The Mason City Globe-Gazette from Mason City, Iowa on January 9, 1936 · Page 8
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The Mason City Globe-Gazette from Mason City, Iowa · Page 8

Mason City, Iowa
Issue Date:
Thursday, January 9, 1936
Page 8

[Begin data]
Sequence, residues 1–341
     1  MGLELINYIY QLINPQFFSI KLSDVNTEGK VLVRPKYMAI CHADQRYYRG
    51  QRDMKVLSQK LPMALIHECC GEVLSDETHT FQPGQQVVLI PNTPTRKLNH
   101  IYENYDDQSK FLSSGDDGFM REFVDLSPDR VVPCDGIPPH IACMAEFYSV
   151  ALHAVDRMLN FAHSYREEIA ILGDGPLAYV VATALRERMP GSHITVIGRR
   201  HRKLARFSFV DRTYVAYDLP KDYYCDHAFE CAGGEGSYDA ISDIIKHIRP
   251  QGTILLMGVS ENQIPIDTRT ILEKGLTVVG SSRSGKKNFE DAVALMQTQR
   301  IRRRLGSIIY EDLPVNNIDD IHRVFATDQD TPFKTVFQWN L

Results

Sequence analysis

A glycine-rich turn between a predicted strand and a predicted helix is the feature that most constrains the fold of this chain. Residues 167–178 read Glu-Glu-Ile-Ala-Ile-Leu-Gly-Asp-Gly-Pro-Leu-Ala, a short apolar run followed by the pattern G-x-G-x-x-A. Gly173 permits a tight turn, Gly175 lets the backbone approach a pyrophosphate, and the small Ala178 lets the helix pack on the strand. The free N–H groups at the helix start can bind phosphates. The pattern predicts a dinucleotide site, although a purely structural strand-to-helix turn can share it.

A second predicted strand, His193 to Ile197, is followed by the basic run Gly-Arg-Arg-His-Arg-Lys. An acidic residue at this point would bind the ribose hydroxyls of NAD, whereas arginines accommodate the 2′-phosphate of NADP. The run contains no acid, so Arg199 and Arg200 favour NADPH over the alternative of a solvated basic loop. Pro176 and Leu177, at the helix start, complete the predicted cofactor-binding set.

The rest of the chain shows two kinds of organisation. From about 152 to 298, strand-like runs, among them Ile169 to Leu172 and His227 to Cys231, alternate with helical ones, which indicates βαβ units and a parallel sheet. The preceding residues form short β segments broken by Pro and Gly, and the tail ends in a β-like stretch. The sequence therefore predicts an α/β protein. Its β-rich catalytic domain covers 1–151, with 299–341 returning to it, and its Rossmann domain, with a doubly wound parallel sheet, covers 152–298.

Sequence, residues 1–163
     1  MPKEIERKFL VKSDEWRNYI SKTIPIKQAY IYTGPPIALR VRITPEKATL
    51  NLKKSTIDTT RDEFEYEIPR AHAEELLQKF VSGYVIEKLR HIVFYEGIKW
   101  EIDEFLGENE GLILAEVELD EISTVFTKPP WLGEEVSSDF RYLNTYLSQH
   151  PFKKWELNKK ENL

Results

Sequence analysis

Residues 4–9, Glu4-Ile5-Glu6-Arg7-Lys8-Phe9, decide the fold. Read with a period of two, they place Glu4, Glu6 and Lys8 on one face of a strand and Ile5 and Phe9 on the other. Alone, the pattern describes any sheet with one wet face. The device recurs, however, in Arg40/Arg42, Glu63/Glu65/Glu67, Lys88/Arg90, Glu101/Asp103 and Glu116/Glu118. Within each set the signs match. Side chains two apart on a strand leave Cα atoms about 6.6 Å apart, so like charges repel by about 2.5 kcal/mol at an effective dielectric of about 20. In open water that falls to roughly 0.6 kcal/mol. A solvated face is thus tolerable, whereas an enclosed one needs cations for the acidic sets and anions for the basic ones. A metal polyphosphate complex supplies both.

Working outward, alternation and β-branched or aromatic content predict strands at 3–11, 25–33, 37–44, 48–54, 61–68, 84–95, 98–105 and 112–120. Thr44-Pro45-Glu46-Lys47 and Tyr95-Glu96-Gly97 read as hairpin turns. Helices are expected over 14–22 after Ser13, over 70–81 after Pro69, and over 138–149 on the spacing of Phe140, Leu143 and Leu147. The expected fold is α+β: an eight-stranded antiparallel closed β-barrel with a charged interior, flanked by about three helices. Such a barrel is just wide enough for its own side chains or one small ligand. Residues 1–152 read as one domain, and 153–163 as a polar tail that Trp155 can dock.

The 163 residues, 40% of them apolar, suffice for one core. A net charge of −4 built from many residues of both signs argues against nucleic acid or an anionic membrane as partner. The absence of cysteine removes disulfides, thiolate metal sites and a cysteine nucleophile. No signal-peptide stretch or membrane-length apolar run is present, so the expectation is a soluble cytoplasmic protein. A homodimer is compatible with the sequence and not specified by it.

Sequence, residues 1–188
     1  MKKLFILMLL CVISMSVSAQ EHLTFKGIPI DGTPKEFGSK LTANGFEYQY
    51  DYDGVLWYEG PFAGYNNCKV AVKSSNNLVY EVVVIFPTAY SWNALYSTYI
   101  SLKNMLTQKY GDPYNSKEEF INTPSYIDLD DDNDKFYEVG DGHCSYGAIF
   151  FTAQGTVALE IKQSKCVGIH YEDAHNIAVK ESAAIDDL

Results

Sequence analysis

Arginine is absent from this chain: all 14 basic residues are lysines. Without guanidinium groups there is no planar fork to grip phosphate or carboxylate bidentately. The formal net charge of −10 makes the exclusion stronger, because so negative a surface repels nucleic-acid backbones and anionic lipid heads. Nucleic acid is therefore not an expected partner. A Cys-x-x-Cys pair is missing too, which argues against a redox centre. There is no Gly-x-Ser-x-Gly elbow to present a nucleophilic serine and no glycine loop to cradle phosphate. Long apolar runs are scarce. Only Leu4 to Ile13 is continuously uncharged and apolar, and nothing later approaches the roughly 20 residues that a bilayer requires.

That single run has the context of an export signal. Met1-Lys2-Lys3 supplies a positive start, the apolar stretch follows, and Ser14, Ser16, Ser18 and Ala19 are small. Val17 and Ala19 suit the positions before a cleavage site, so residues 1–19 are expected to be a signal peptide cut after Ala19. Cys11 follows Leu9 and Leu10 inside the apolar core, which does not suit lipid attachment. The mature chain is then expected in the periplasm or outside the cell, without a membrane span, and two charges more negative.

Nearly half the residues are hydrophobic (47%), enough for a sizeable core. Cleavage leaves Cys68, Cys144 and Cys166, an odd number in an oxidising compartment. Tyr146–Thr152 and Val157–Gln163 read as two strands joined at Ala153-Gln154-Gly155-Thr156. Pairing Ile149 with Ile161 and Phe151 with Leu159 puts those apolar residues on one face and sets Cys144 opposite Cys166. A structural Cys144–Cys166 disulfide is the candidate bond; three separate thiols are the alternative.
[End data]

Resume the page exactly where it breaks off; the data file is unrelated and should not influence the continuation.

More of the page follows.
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BIGHT MASON CITY GLOBE-GAZETTE, JANUARY 9 1930 WORLD FORECAST FOR 1936 PRESENTED TO WOMAN'S CLUB 1914 Events Comparable to Present Second World War Started in 1931 According to Quincy Howe. "History repeats itself, coming fkrst as tragedy and then as farce,' Quincy Howe, author and editor told the Woman's club in a lecture Wednesday evening in the First Methodist church on "The World Forecast for 1936." "In the twentieth century it has taken just 20 years to bring about a repetition," Mr. Howe said. "The second world war began with Japan's invasion of Manchuria in September of 1931 and has spread to Africa recently. The tragedy of the first world war is clear to everyone. The farce of the second is not so evident. First World War. "The first world war was preceded by false alarms. In 1911 France and Germany nearly went to war over Morocco, a situation comparable to that brought about with the assassination of the chancellor of Austria and King Alexander of Yugo Slavia in 1934. In 1912, the Balkans warred on the Turks and then turned on Bulgaria, fighting among themselves, while the great diplomats boasted that they had succeeded in localizing the trouble. The conditions in Ethiopia offer a present parallel. "Because of the recollection of the last war-to-end-war, statesmen do not yet dare ask nations to embark on another war, and the confidence of nations in 1914 contrasted with their nervousness now. Europe fears war because it means mutiny, strikes and a possible revolution. Challenges Nations. "The Soviet Union, the first working communistic state, stands as a challenge to capitalistic nations, especially Poland and Roumania and is an important element in the discontent in Central Europe. The So.. Viet Union is working to promote a world revolution and while the movement is moderate in Europe, it is intense in Asia. "Imperial Japan, the most modern mechanized nation with the lowest paid laborers has a low standard of living and discontent among its peasants. In the United States, the new deal reform administration is not unlike Woodrow Wilson's new freedom. Asia is more important by - .far than 20 years ago and is the real ^fference between 1914 and 1936. a V Seven World Powers ' 'England, France, Germany. Italy, -J^ihe Soviet Union, Japan and the ^tbjnited States are the seven powers '.. to be considered, a power being a nation which dares to pursue an independent foreign policy and these are the only seven countries able to do this. A nation is able to pursue such a policy because of its fixed assets and material resources, its social stability and its international connections. "Great Britain constitutes one fourth of the earth and one fourth of its population, so that the fate of Great Britain is the fate of the ·world. England has little or no wa- / ter power and no oil supply. Its public health is low, particularly in the depressed areas. It remains dependent on the world. England is afraid of a change anywhere. If Italy won a smashing victory in Ethiopia, its commercial route through the Suez would be threatened. If Ethiopia were to win, the whole colonia world would be encouraged by tbj black race's repelling a white foe. Dilemma in Europe. "In Europe it faces a lik dilemma. Until the rise of Hitler the British foreign policy was to oppose France in favor of Germany Now Germany is likely to force France and England together since England needs to keep the channe free and have a friendly nation on the other side of it. "Jap and Russia are far greater threats to England than Germany Asia is a more dangerous spot. Great Britain has entered an alliance with the United States to protect her interests there. The Baldwin foreign policy is more favorable to the United States than its predecessor. Expects Trouble. "England expects trouble and embarking on a program of rearmament. The prestige of Great Britain will decline and pressure will be brought so that the United States will back the league of nations and support the status quo of Europe. In immediate crisis either Anthony Eden will pursue Hoare's policy in reaching an agreement with Laval and Mussolini or will act against Italy, bringing England to the brink of war. "France is on the spot. The government, headed by Laval, who is backed by bankers and industrialists, will be overthrown by the left party which consists of communists, socialists and radicals. France is more self sufficient than England, but faces an acute financial crisis and a social crisis. If the left bloc wins it will be incapable of govern ing because of disagreement be* tween the parts which make it up. For a Coup d'etat. "The left party is correct in its expectation of gains in the next election. There may be a second attempt at a coup d'etat by the conservatives. If this fails, as it probably will, we may look to see civil war by the end of 1936. The great danger from Germany may be sufficient to hold the country together. "Germany is the best equipped, richest and most populous nation in Europe. Its social stability is enforced and Hitler has it in hand for .he moment. Its two allies are Po- and and Hungary and possibly, Ja;an. Unless something' unforseen lappens, there will be no war in Germany in 1936. Italy is now vhere Germany will be in two ·ears. Italy Bottled Up. "Italy lack's resources and is bot- led up by the Mediterranean and he Alps. The Vatican's being located in Rome, net only' brings' in "money rom the world, but also constitutes a moral authority which might prevent another nation's Bombing the ity. Mussolini is not only threatened with defeat, but it has already ;ome. An alliance between Hitler and Mussolini is unlikely. Mussolini might make a desperate lunge in an air attack on the British fleet. "In Italy we may look to a co- alation between the army, the church, the royal family, Balboa and Grand! and money is being raised at present with that in view. There will e no immediate communist uprising, bat before long it will be shown what happens to the rank and file of fascists. 'Russia covers one-sixth of the earth's surface. It is self sufficient and its population is sparsely scat- '·*! pa tc. WI an dr Mi ID-WINTER CLEARANCE Growing Girls' Oxfords In Brown or Black SMART OXFORDS Perforated and stitched in the modern manner! In block or brown calf-- Women's Regular 64e Chiffon «* «* Hosiery 55c 2 Pairs f o r . . . $1.09 Men's Latest Pattern Plain or Fancy Per Pair 4 Pairs C 88c 19 SOUTH FEDERAL AVENUE At the Tom Thumb Wedding Pictured are the principals in the Tom Thumb wedding scheduled for presentation at 7:30 o'clock Thursday evening in the high school auditorium. The show is being sponsored by the high school music mothers. In the front row, left to right, are Jerry Karges, page; Peggy Allen, flower girl; Georganna Johnson, ring bearer; John Dunlop, page; Rena Evans, flower girl, and Billy Oglesby, page. In the back row are Joe Hanes, best man; Bob Ady, minister; George Marty, Jr., bridegroom; Eleanor Ann Major, bride; Miriam Evans, maid of honor. Two matinees were staged Wednesday afternoon for high school and grade school children. (Lock Photo--Kayenay Engraving) tered. There's an unknown and considerable amount of wealth. Lowest Standards. Its technology is low and it has a ower standard of living than other European nations and must continue so. Its lack of social stability indicates that the government is not especially strongly established, but the repression is letting up, while in Germany and Italy it increases. Its' allies are France, possibly Great Britain, and in Asia, the United tates. Its enemies are Japan and Germany. It has the largest and most highly mechanized army in the vorld, but it will not attack any na- ion in 1936. Its foreign policy is a double one with Litvinof playing for he friendship of other nations while he movement for the third interna- ional is continued. "Japan is the most explosive of he seven powers. It has no oil, no rubber and no cotton which it must have. Its social status is none too good. Discontent among the peasants weakens the army. There is almost no middle class and the grow- ng national Marxist movement is a hreat. It will continue its war and jrobably to the south. U. S. Is Richest. 'The United States is the richest country in the world in every sense. We have more civil liberties than any other country. There will be an ncrease of force and opposition to labor from capitalists. Labor, influenced by rising markets and increasing prosperity, will go to the mat against capital. Because of the certainty of Roosevelt's re-election evidenced in the past three years, it is probable that he may not be. The republicans may make use of the Townsend plan to split the democratic ranks. The one way out for Soosevelt is to play the policy of Wilson in 1916, promising to keep the nation out of war. "There will not be war in Europe in 1936. The questions are, will the chief actors play their parts to the end? Will Baldwin, Hoare and Eden bring about an end to the Ethiopian war? Can Hitler out-kaiser the kaiser in Germany? Can Laval and Herriot unite France against Germany? Can Mussolini make Italy a great world power? Europe may continue along the road to war, but at the end of the road lies revolution and chaos. Meanwhile history is being made in Asia. The role of the U. S. becomes increasingly active. Will the 19141917 situation in Europe be repeated in 1936 in Asia with the United States pulling the chestnuts out of the fire in 1937 for the other nations? Willis G. C. Bagley introduced Mr. Howe and Mrs. L. R. Roberts, club president, presided. Questions were isked from the audience following e lecture. Mr. Howe was entertained at dinner at the Euchre and Cycle club by Mr. anrt Mrs. Hartford MacNifier preceding the lecture. --*-Cecelia Otis Weds Francis Hauptmann WESLEY, Jan. 9.--Miss Cecelia Otis, daughter of Mrs. Mary Otis, and Francis Hauptmann, son of Mr. and Mrs. Lou Hauptmann, were married Wednesday morning at the St. Joseph's Catholic church by the Rev. A. J. Wagener. They were attended by Mrs. Rosie Haverly and Edmund Otis, sister and brother of the bridegroom and bride. Following the ceremony a wedding breakfast was served to the bridal party and the immediate relatives. A wedding dance was given that night in the Kleinpeter hall, and immediately following, they left on a two weeks' wedding trip. Upon their return home they will live with his parents. Mr. Hauptmann assists his father in the Wesley Auto company garage, and Mrs. Hauptmann has been employed in the postoffice. O. N. O. CLUB MEETS WITH MRS. MURREN O. N. O. club met with Mrs. Glenn Murren, 515 Fourteenth street northwest Wednesday, when five tables of 500 were played. High score prizes went to Mrs. Herman Bohnsack and Frank Johnson and low to Mrs. Veno Crawford and Jake Nagel. The next meeting will be with Mrs. Nagel, 1537 Jefferson avenue northwest. SOCIAL CALENDAR FINK'S -- 15 South Federal -- FINK'S JANUARY CLEARANCE Here are just two of the sensational value offers being featured during Fink's GREATEST JANUARY CLEARANCE. These lots have been cut 50% and more for immediate clearance! ONE LOT OF COATS Values to $15 These are exceptionally fine garments. Fur trimmed and plain, all lined and interlined. About 50% brand new stock bought from manufacturers surpluses, the balance taken from our own stock. Sizes from 14 to 44. Silk, Wool, Knit DRESSES Values tc $10.90 About 250 attractive dresses to choose from . . . everyone styled to the times and beautifully made--all sizes! THURSDAY Tusalata club-6:30 o'clock, Y. W. C. A., installation and recognition, Harding- P. T. A-7:30 o'clock, school, Maude Rankin Leonard, "Thrift." K. N. A.-7:45 o'clock, Moose hall, card party, Mrs. H. L. Leake, chairman. V. F. W. auxiliary-8 o'clock, clubrooms. Kwik-Trix club-8 o'clock Mrs. Harley Ransom, 934 Jackson avenue northwest. McKinley P. T. A.-7:30, school, Father's Night. Girl Scout Community Council-7:30 o'clock, Y. W. C. A. FRIDAY Harmony Guild-1 o'clock, Congregational church, Mrs. George O'Neil, Mrs. B. L. McConnell. Mrs. E. G. Larson and Mrs. G. C. Blackmore, hostesses. Kill Kare Klub-Mr. and Mrs. Floyd Bisbee. Our Saviours Luther league-7:30 o'clock, church. Wilson P. T. A-2:30 o'clock, school. Baptist Division 5-2:30 o'clock, Mrs. William Schrader, 825 Third street southeast. Baptist Gildner division-2 o'clock, Mrs. John Dougall, 523 Adams avenue northwest. Forest Park circle-Mrs. Glenn Saul, 1121 Second street southwest. Pleasant Ridge club-Mr. and Mrs. F. A. Hill. Rebekah circle-2:30 o'clock, I. O. 0- F. parlors, Mrs. Mary Arnold, hostess. Christian Workers-2:30 o'clock, church, group No. 5 serving. City Progressive club-Postponed. i. A. P. M.-6:30 o'clock, I. O. 0. F. hall. Daughters of Veterans-7:30 o'clock, Y. W. C. A., open installation, Mrs. J. F. Charles' worth of Clear Lake, installing officer. Degree of Honor-8 o'clock, Moose hall, installation, refreshments. FALLS AJVD LBIE CREEK TOWNSHIP WOMEN MEET Women of Falls and Lime Creek townships met at the home of Mrs. Ed O'Donnell for a home project session. The lesson on paint and var nish .was led by Miss Marjorie Chollett. JIAKKIAGE LICENSES ISSUED TO COUPLES OSAGE. Jan. 9. -- Licenses were issued here to Alva Guy Young and Bessie Florence Holgate, legal, Austin, Minn.; to Leonard J. Theis, 35, and Charlotte May Cnim, 36, both of Riceville. DAILEY-WOLF FAULKNER, Jan. 9.-- Announcement hag been received of the marriage at Los Angeles, Gal., Dec. 23, of Miss Irene Wolf, daughter of Mr. and Mrs. George Wolf of Faulkner, and Charles P. Dailey in the wedding chapel of the Hotel Broadway, with the Rev. Charles Dunn officiating. They were attended by Mr. and Mrs. S. F. Bailey of Omaha. Nebr. They will make their home at 1409 West llth Place. Los Angeles. where Mr. Dailey is an accountant for Safeway incorporated. Nervous Parent Bad Influence for His Child By GAltKY C. MVEKS, PH. V- Child Training Authority. Blessed is the child whose parents have poise. How unfortunate if his uarents or one of them is known as "very nervous." And when such a crisis as a nervous breakdown comes! W. B. Wolfe, M. D., director of the Community Church Hygiene clinic. New York City, has written an excellent book, "The Nervous Breakdown." In a sensible way ie discusses the causes, symptoms and cures. If you have a nervous breakdown, You have transgressed the laws of nature," he says. . . . "No one can jit his private opinion against na- :ure and win. Nature has given you a warning signal that you may no onger disregard. The damage is not :oo great to repair. . .' . There is some mistake in your strategy of ife which has brought you into conflict with nature and reality. The warning signal which nature has given you may be annoying, but rou should be happy that you have erceived it. In the face of the jverwhelming evidence of a mistaken strategy of life, the sensible .hing to do is to examine the pattern of your life and discover just what mistakes you have made. The ess time you waste complaining about your symptoms or indulging n orgies of self-pity the better. . . . As soon as you have learned where rou have made your mistake, begin early consciously toward a normal goal. . . . You are not too old nor ;oo weak to begin over again. . . . The fact that you have a nervous breakdown indicates that you have ample uowers of resistance. It isn't .00 late to be normal. "If you think you have a nervous ireakdown, it is your first duty to consult a competent physician, preferably your family doctor, and get a thorough and complete physical examination. If you cannot find any evidence of physical or organic disease, ask your doctor to recommend a reputable psychiatrist." His chapter on "Creative Self-Realization" is exceptionally good. In t he discusses the art of getting along with yourself, of using your eisure, of living in the present; the art of avoiding arguments, of being grown-up and of cultivating a sense 3f humor. And I might add that some persons with nervous, breakdowns Heads Rebekahs Mrs Wayman Closson is the newly installed past noble grand of Queen Rebekah lodge No. 106, taking office at installation ceremonies held in the I. O. 0. F. hall. (Lock Photo--Kayenay Engraving) might get almost immediate relief if they were able to turn their attention from themselves to doing something to help other persons. I have seen some almost magic changes in persons who suddenly grew absorbed in helping a family in distress, or trying to bring cheer to a blind, crippled or bed-ridden person. After all, a great many nervous breakdowns are self-centered persons, even when they fool themselves that they are worrying about some on else. CRESCENT CLUB HAS BOB SLEIGH PARTY Crescent club members met at the Y. W. C. A., Wednesday evening to go on a bob sleigh party, returning to the Y for refreshments and a business session. Guests were the Misses Frieda Wuerflein of Kiester, Minn., Helen Bouda, Marjorie Schnable, Vonna Myrick and Genevieve Magnani. Miss Schnable, Miss Myrick and Miss Magnani became members of the club. The next meeting will be Jan. 22. MRS. J. T. JOHNSON HOSTESS TO CLUB Mrs. J. T. Johnson entertained the 0. T. T. club at the Eadmar hotel Wednesday afternoon. Bridge was played with prizes going to Mrs. Wayne Pierce and Mrs. Johnson. Foresters Hold Installation of Officers-Elect The Independent Order of Foresters court met at Moose hall Wednesday evening for installation of officers with the supreme deputy, William Chamberlin, in charge. Sidney Bemis was installed as chief ranger; Herbert L. Boothroyd, vice chief ranger; Mrs. Vern Mott, financial secretary; Orlando Bel. seth, treasurer; Mrs. Herbert Boothroyd, recording secretary; Mrs. Chamberlin, orator; Mrs. H. E. Kennedy, organist. Mrs. Betty Funston was installed as senior woodward; Mrs. Belseth, junior woodward; Mrs. J. K. Johnson, senior beadle; Mr. Johnson, junior beadle; Mr. Mott and Mr. Chamberlin, trustees; Mrs. F. J. Freitag and Mr. Boothroyd, finance committee; Mrs. Clarence Williams, court deputy; Mrs. Willis Bemiss, court reporter. A party followed and prizes were awarded to Charles LaRoe, Willis Bemiss, Mrs. H. L. Blewett, Henry Kuppinger, Mr. Boothroyd, Mrs. Chamberlin. Mrs. Gardner, Mrs. LaRoe, Mrs. Kennedy and Mrs. E. ,T. Clark. After the social hour, an oyster stew was served by Mrs. Sidney Bemis. Mrs. LaRoe was appointed chairman of entertainment for the coming quarter. Florence Williams Bride of Moiling EMMETSBURG, Jan. 9.--The secret marriage of Florence Williams, for the past six years a teacher in the west side school here, to Charles Morling. son of W. H. Morling, Emmetsburg attorney, which was held Dec. 30, 1934, at Kansas City, Mo., was announced here Wednesday. The bride, who formerly taught at Leon and Logan, has resigned from the local schools. The couple will live here where Mr. Morling is associated with an insurance company. WILSON P. T. A. TO MEET FRIDAY Wilson P. T. A. will meet Friday afternoon at 2:30 o'clock to hear a talk by Maude Ra-nWn Leonard on "Education for Thrift." Mrs. Leonard is the author of "Personal Economics." There will be musical numbers by two seventh grade boys, Ralph Senensky, who will play piano selections and Harry Wilson, ac- cordian and mouth organ pieces. End-of-the-Season CLEARANCE Sensational Reductions COATS--DRESSES EliRCOATS Suits and Accessories . ' . ' . ' ; - . . ^ ' : ' , ; ' " ' ; : , \ . , . ' "/'·} You should .take',this opportunity to own a "De Kaye" Garment at these prices and join the host of satisfied cus- , tomers who Laud the style, quality and beauty of Lundberg's apparel. Selections are wide --- reductions are outstanding^-- arid our values - were never greater. ^ , ' ' " ' ' ; "-""" ' ' - ·" , " . , " ' - ' - , ', · · ' .' - " - ' ! " - · . - " y . ". v - · , . . . ' , · . · ' · ' · ' ' · · ' - . ' ' Complete Stocks of Coats, Dresses, Suits and Fur Coats ··'^ A. 1 ^f/"' 4 ." 1 . ?-··'· ·. ?·''" : , T 1 " : ' · ' ' - · · ; . · ' - ri ·· ·' ·' * ·' " " ' ' £·' · ; · ' -' '· ' : ' ' " ' Aft o:urreg'uiai% stock; is iricluded' in this |^*£*tos-$$ qson Clearance Nothing ?iri|Sfry'edi Shop and Comparerxiwr Values: ' 1 .1